Archived Opinion

Burning bush has a high price

Burning bush has a high price

To the Editor:

A recent letter gave some very good advice: get outside and enjoy the outdoors. Nature has so much to offer when you experience it first-hand, up close and personal.

I commend her for taking the time to submit the letter, but would like to recommend one action that she might disagree with: get rid of all burning bush (euonymus). It is a non-native invasive and is very detrimental to the environment. It is now banned in some states, but unfortunately is still for sale in North Carolina. Yes, it is beautiful, but like many decorative plants that can be purchased locally, it comes with a high environmental price.

What is the problem? It tends to colonize. It takes over areas to the detriment of native plants. Since it is not a native plant, it does not fit into the ecosystem by providing food for animals, including insects. Nothing eats it because animals don’t recognize it as food. Every year it produces a large crop of beautiful berries, which then go on to produce lots more burning bush. This is not so much of a problem in urban areas where yards are mowed. The bushes don’t get much of a chance to spread, but on a wooded lot where neighbors have burning bush, it requires constant effort to remove the seedlings.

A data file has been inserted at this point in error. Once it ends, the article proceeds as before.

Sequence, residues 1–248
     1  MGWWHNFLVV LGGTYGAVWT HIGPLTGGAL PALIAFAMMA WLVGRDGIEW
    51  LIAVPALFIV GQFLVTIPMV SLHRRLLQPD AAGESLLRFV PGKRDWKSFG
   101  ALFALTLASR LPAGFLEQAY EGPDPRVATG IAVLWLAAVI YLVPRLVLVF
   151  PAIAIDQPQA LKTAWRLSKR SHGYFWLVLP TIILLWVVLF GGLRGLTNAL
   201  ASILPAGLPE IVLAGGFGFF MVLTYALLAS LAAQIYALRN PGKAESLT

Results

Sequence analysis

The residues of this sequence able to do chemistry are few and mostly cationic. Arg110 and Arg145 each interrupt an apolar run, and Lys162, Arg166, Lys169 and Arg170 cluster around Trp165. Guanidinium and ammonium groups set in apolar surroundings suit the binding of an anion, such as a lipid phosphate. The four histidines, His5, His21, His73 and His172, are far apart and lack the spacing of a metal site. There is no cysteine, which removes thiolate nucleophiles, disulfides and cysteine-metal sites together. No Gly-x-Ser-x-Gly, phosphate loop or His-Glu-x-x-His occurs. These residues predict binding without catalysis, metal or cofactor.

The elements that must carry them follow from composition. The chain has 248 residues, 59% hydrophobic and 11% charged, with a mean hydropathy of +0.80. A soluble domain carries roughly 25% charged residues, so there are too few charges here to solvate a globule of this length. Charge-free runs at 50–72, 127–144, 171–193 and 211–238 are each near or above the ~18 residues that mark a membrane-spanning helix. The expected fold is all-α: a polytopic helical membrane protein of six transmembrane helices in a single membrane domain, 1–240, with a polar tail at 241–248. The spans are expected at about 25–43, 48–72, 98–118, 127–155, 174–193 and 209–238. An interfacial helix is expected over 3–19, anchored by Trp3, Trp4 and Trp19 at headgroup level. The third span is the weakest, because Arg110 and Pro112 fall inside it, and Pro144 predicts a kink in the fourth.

They spread, not only by seed, but also by roots. I have pulled seedlings by the hundreds, along with Bradford pear and other beautiful ornamentals that people have planted, totally unaware of the problems they cause. It took a while for the message to get out that Bradford pear was a problem, but they are no being planted as ornamentals and you seldom see one, except in the wild where they have escaped. I hope the message about burning bush will soon be as widespread and people will begin to remove them.

If you have time to watch a 15-minute video, this one shows exactly what the problems with burning bush are:  The end of the video explains why they are still for sale.

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If you truly love nature, do us all a favor and plant only native ornamentals. They are beautiful, hardy and plentiful. The local Extension Service and their Master Gardeners can help you choose the ones that will meet your needs.

Joanne Strop


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